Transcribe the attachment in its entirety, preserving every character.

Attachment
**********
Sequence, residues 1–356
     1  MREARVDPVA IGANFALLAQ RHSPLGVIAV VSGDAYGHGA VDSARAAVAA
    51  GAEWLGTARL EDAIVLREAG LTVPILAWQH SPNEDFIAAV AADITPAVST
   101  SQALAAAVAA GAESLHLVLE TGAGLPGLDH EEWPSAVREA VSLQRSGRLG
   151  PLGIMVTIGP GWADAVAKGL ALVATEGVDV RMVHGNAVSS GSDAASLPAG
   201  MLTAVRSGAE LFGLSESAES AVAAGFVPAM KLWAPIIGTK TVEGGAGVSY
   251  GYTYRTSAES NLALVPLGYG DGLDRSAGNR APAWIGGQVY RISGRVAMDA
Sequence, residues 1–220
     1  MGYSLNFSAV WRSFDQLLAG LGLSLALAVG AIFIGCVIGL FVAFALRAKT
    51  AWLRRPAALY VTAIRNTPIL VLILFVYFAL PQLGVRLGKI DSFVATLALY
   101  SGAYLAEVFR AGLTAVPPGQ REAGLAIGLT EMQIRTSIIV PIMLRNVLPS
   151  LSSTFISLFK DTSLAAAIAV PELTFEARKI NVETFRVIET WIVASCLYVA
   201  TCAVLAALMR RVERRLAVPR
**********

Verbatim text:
Sequence, residues 1–356
     1  MREARVDPVA IGANFALLAQ RHSPLGVIAV VSGDAYGHGA VDSARAAVAA
    51  GAEWLGTARL EDAIVLREAG LTVPILAWQH SPNEDFIAAV AADITPAVST
   101  SQALAAAVAA GAESLHLVLE TGAGLPGLDH EEWPSAVREA VSLQRSGRLG
   151  PLGIMVTIGP GWADAVAKGL ALVATEGVDV RMVHGNAVSS GSDAASLPAG
   201  MLTAVRSGAE LFGLSESAES AVAAGFVPAM KLWAPIIGTK TVEGGAGVSY
   251  GYTYRTSAES NLALVPLGYG DGLDRSAGNR APAWIGGQVY RISGRVAMDA
Sequence, residues 1–220
     1  MGYSLNFSAV WRSFDQLLAG LGLSLALAVG AIFIGCVIGL FVAFALRAKT
    51  AWLRRPAALY VTAIRNTPIL VLILFVYFAL PQLGVRLGKI DSFVATLALY
   101  SGAYLAEVFR AGLTAVPPGQ REAGLAIGLT EMQIRTSIIV PIMLRNVLPS
   151  LSSTFISLFK DTSLAAAIAV PELTFEARKI NVETFRVIET WIVASCLYVA
   201  TCAVLAALMR RVERRLAVPR